Knows, Predicts Shopping Habits


One From The AP on Inc., who they say has one potentially big advantage over its rival online retailers: It knows things about you that you may not know yourself. Though plenty of companies have detailed systems for tracking customer habits, critics and boosters alike say Amazon is the trailblazer, having collected information longer and used it more proactively. It even received a patent recently on technology aimed at tracking information about the people for whom its customers buy gifts.


When I explain to people about cookies and such I use Amazon as an example of the positive side of information gathering.

For those who hate the idea of Walmarts and miss the personal service of smaller stores isn't this the same thing? Doesn't your local grocery store clerk or pharmacist know a lot about your personal life through what your buying?

Yeah, I just explained that in a post above. For some reason I thought Greg had written "local pharmacist" instead of "local grocer". Obviously HIPAA does not apply to grocers.

HIPPA stands for the Health Insurance Portability Act and the privacy provisions that it contains only apply to medical records. They would not apply to some store in your town.

My mistake... for some reason I read your local "grocer" as your local "pharmacist." Obviously HIPAA does not pertain to grocers.

But Amazon is not your local grocer, it is more like your huge impersonal Box Store. Where they don't know you. A good example was the way Radio Shack used to do business. They used to ask for your name, and phone number, etc... I gave them fake info every time. It was none of their damn business, and I could care less about them sending me crap. If I wanted it, I would have given them "good" info. I think it should be the same for online businesses. If they want to use that info, they should have to ask permission first instead of getting information by stealth. I also clean out my cookies at least once a week. ;) Both virtual and real.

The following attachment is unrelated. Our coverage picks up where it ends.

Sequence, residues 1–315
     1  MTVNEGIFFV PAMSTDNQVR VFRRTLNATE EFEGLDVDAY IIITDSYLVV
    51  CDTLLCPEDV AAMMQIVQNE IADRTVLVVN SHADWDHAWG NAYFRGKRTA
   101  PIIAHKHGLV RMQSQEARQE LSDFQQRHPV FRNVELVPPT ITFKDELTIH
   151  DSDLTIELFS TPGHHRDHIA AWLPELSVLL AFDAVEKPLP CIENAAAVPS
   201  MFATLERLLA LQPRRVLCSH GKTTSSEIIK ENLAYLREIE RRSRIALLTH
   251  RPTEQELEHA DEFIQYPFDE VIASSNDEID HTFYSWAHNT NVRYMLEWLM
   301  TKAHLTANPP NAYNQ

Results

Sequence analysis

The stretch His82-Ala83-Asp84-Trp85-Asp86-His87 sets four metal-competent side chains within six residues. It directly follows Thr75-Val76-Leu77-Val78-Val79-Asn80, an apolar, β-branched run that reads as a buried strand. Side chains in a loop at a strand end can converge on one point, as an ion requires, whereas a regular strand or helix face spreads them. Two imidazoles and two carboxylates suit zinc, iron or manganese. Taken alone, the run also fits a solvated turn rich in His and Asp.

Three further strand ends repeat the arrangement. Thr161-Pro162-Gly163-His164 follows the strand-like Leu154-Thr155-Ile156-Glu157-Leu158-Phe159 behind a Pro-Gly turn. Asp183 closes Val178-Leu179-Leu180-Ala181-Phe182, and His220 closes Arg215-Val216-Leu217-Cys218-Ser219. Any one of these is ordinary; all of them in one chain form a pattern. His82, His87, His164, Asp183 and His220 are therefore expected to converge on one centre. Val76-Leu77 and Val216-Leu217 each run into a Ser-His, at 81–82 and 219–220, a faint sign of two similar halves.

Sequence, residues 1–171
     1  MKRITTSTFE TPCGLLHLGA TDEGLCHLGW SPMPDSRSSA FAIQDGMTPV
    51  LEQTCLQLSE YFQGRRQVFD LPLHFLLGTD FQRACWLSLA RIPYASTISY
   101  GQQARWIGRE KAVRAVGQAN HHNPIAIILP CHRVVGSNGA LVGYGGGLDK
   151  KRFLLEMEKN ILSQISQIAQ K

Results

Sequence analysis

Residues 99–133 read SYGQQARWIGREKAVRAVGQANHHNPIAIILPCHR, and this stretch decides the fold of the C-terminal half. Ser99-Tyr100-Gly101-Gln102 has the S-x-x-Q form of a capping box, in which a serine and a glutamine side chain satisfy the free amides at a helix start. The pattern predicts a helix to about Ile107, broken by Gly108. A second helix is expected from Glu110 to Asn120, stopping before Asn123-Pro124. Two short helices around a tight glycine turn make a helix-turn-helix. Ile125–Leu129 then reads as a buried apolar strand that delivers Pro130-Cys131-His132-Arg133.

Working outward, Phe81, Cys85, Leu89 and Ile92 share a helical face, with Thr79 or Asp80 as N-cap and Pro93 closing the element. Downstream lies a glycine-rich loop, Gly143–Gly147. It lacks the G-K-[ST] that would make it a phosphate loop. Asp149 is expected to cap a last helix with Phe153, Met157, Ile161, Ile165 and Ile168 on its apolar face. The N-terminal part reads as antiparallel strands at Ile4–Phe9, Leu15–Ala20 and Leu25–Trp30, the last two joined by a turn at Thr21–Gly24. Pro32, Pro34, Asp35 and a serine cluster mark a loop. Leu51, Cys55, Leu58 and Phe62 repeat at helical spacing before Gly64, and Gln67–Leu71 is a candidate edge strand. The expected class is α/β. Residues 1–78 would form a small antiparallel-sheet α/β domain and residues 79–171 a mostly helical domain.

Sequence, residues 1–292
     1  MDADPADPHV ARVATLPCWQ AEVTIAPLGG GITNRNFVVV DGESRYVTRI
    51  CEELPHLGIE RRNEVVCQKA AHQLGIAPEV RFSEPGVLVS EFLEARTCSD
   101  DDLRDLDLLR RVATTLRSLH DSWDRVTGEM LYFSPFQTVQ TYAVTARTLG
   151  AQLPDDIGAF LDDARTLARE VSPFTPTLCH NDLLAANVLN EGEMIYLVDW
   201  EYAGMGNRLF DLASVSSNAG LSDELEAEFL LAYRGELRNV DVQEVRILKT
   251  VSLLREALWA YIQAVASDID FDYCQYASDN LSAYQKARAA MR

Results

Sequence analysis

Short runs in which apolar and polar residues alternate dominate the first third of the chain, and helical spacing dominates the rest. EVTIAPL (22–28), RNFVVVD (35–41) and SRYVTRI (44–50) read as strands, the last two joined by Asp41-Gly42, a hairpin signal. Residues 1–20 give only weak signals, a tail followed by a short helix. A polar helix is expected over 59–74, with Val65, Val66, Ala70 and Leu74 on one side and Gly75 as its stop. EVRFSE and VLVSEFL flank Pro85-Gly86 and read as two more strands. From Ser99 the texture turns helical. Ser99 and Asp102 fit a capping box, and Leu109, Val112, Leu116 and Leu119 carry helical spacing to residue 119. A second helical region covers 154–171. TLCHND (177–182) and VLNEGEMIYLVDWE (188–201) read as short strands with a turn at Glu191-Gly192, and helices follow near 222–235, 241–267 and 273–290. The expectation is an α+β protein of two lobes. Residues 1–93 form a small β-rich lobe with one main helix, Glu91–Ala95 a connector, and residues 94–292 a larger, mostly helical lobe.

You're jumping to an extreme. If you go into a public store and buy an item off the shelf that's a public act for anyone to see. Neither you nor the government can control that in any way shape or form.

Sorry.. that should have been HIPAA

Not since HIPPA they don't. Or, if they want to keep their store, or their job, they had better not.

I think all businesses should have an opt out clause. If you don't want your information shared, they should be willing to honor that request and keep only the purchasing information for as long as it takes to make sure the buyer is satisfied. At the end of that period, the information should be expunged. If they are going to sell that information, or use it to market items to you, they should pay you, the customer, for the priviledge.

Apparently you've never lived in a small town. Your local grocer doesn't bother selling your personal information, they give it away for free in the form of gossip.